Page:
no!

STN
09-03-2010, 01:04 PM
I checked improv out years ago (in the academic sense of the word) and I ended up walking away. Two things I couldn't stand from experts on the subject: 1) The insistence that you always have to take it 'seriously'. Why? I thought the story about AMM having a hissy fit when an audience member couldn't stop coughing was hilarious 2) The insistence that, if you don't like it or find it boring, it's somehow 'your' fault, making you a closed-minded audio nazi, unable to cast off your 4/4 chains.

I like some of the Scratch Orchestra stuff, they didn't seem so defensive about what they were doing.

I like it, but I do find it fucking hilarious as well: watching these old alcoholic socialists banging stuff together. Brilliant. I think you would like Machine Gun, by the Peter Brotzmann tentet actually.

martin
09-03-2010, 01:30 PM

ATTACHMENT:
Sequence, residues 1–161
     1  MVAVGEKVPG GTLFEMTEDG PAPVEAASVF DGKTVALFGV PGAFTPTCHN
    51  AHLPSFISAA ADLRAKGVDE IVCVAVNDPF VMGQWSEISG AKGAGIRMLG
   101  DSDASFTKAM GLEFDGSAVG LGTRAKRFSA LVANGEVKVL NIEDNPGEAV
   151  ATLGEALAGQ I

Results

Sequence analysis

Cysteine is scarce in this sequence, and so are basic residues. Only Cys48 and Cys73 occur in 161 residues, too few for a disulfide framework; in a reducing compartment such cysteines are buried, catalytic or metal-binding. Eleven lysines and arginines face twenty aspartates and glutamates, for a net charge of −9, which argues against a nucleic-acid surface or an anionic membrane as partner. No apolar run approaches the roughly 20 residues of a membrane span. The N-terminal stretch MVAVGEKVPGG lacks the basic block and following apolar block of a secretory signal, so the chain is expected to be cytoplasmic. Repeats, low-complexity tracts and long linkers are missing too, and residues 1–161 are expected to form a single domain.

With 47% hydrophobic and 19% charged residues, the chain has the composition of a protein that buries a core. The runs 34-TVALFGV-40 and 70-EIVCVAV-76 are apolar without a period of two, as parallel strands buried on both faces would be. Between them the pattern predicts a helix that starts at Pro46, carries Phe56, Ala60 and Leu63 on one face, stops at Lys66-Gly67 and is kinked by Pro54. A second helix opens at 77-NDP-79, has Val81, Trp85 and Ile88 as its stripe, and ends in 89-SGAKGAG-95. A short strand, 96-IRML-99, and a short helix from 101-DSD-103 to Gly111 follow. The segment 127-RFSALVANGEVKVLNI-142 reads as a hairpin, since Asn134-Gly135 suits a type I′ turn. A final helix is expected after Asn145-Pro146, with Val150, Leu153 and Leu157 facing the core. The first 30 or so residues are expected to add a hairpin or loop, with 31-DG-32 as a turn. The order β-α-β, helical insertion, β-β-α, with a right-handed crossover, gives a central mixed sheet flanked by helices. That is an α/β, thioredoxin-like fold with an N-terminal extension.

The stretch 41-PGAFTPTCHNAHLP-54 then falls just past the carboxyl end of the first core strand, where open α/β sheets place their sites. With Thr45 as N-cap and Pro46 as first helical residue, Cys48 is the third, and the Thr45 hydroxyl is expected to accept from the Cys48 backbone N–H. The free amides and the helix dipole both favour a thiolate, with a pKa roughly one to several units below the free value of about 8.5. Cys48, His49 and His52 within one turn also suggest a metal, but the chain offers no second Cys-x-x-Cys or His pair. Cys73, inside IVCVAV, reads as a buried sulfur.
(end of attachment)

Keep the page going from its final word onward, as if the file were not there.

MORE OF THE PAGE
I like it, but I do find it fucking hilarious as well: watching these old alcoholic socialists banging stuff together. Brilliant. I think you would like Machine Gun, by the Peter Brotzmann tentet actually.

I'm hoping it involves randomly firing off volleys from an AK-47 on a shooting range...but will have a squizz for it on Mediafire anyway...

john eden
09-03-2010, 01:46 PM
no!

how come?

woops
09-03-2010, 01:50 PM
when improvisation = composition you have rendered meaningless the distinction

john eden
09-03-2010, 01:56 PM
when improvisation = composition you have rendered meaningless the distinction

I'm not saying that they are the same, just that improvisation is one of the tools which is used in composition.

This comes back to the value, or lack of, of having recordings of improv gigs.

How is a recording of an improv gig different from a recording of any other gig?

zhao
09-03-2010, 01:57 PM